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Bullying and harassment made up majority of standards complaints in last year

The Standards Commission laid its annual report before the Scottish Parliament on Tuesday (Fraser Bremner/Daily Mail/PA)
The Standards Commission laid its annual report before the Scottish Parliament on Tuesday (Fraser Bremner/Daily Mail/PA)

Disrespect, bullying and harassment have made up the vast majority of complaints about Scotland’s councillors and devolved public body members in the last year, a new report has shown.

The Standards Commission for Scotland made the revelation as it laid its annual report before the Scottish Parliament on Tuesday.

The document covers the period from April 1 2021 to March 31 2022.

The commission is responsible for encouraging high standards of behaviour from councillors and those appointed to boards of devolved public bodies.

It promotes and enforces codes of conduct in doing so, as well as issuing guidance to councils and public bodies.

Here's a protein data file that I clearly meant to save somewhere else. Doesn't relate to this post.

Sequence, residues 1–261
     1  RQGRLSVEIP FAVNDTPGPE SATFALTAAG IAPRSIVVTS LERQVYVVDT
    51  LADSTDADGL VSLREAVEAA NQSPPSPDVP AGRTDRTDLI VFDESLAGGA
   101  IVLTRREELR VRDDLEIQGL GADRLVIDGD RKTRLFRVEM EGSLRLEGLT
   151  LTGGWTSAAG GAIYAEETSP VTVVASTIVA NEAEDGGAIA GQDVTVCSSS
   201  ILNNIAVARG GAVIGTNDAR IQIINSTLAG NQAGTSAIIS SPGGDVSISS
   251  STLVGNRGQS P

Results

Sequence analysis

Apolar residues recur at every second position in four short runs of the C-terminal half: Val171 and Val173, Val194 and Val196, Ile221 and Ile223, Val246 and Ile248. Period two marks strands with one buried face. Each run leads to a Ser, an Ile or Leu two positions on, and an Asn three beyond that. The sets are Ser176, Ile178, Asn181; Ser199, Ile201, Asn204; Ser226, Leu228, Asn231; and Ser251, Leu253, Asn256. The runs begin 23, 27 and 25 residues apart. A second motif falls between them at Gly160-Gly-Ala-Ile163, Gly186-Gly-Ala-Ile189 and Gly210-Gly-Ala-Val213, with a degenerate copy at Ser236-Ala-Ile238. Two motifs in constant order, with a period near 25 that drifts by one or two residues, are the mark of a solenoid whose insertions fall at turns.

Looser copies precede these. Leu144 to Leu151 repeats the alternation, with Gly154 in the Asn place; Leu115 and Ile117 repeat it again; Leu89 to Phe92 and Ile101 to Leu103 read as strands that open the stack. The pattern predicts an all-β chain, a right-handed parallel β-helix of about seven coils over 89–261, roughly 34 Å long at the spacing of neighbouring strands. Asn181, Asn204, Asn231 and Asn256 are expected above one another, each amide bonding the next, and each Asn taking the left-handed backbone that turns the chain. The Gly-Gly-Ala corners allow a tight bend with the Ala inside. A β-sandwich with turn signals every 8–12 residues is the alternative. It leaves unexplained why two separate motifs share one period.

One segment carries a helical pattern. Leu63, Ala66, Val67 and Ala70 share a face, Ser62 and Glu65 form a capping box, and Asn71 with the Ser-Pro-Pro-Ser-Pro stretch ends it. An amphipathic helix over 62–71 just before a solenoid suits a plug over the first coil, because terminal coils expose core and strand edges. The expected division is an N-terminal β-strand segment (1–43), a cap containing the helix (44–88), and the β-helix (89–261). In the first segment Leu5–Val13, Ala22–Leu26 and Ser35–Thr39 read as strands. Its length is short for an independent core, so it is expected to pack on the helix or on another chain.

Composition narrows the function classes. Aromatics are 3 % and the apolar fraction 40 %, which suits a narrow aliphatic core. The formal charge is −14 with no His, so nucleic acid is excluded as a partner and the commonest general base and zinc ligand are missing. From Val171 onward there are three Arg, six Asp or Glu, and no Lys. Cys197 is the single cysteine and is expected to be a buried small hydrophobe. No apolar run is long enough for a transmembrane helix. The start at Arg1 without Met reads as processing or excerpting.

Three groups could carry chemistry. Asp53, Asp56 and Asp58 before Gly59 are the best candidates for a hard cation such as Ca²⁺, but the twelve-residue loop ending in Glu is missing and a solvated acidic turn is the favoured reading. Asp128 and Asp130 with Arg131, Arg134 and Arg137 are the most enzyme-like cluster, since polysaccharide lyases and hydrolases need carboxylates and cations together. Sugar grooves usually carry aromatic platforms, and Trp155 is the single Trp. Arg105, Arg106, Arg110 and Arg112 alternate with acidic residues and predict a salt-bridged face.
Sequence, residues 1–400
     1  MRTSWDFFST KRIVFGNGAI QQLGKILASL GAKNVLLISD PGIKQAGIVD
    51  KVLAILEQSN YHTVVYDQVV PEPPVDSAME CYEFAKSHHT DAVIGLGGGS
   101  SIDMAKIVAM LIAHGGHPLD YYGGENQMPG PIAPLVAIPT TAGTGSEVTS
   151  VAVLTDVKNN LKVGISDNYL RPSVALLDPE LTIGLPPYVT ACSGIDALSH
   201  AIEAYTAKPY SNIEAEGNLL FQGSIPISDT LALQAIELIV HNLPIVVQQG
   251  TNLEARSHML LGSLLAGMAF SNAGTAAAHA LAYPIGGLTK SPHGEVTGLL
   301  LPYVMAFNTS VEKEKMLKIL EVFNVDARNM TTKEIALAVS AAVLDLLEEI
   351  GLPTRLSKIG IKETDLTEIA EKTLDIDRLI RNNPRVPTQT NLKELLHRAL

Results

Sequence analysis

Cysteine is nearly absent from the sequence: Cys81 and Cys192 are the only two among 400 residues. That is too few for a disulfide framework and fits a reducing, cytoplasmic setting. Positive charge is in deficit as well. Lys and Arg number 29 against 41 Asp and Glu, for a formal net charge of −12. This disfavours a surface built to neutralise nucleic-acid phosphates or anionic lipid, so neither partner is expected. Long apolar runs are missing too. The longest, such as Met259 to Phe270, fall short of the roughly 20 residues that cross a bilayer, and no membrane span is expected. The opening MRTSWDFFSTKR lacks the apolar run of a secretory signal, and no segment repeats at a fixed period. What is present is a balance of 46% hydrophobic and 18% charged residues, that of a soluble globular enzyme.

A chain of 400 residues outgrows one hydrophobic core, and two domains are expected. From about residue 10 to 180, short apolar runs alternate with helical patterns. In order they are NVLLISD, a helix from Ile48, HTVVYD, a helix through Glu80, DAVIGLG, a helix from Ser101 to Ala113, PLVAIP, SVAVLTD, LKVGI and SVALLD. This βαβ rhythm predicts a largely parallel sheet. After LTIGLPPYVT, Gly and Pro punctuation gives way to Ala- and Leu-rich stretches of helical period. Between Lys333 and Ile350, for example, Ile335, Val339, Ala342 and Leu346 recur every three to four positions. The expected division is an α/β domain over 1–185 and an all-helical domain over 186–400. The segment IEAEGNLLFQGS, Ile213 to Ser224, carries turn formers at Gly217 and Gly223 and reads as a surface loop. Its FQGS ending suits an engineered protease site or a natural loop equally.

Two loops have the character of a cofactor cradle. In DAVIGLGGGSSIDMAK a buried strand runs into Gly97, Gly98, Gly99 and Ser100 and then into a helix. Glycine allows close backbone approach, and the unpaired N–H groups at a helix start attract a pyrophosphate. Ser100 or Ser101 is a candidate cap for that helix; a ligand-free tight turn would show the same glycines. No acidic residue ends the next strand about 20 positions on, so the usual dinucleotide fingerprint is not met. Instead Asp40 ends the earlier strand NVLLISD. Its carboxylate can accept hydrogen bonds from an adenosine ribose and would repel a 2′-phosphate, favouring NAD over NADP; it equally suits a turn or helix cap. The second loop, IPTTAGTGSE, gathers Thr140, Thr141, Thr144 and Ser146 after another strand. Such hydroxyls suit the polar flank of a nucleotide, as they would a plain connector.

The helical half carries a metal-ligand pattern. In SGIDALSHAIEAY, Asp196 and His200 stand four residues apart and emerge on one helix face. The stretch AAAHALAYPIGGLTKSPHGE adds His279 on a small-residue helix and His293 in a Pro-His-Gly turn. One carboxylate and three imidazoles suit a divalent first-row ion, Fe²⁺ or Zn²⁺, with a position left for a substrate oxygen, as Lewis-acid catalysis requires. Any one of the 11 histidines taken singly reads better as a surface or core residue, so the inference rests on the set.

Sanctions are applied where a breach of standards is found.

The commission said that during the period covered, it made a final decision on complaints about 28 councillors and members of public bodies, including five public hearings.

One hearing resulted in disqualification for the respondent involved, meaning they were prohibited from being a councillor, being nominated for election or being elected as a councillor for up to five years.

Four hearings found there was no breach, and therefore no sanction was implemented.

The Standards Commission also produced guidance and advice notes on the codes of conduct, which seek to help councillors and members understand and comply with requirements, and worked alongside the acting ethical standards commissioner to improve the processes for both investigating and adjudicating complaints.

Paul Walker, convener for the Standards Commission, said: “Adherence to the principles and codes of conduct is crucial to ensure the public has trust and confidence in those in public life.

“A successful democracy relies on there being individuals who are willing to stand for public office and also relies on the public trusting public institutions and bodies.

“Our work – to promote good leadership, integrity, high ethical standards and respectful behaviour – remains vital and has never been more relevant in a political climate that’s become very polarised and where social media is often adversarial in nature.”

The commission said it will continue to work with stakeholders to promote its ethical standards framework over the coming year.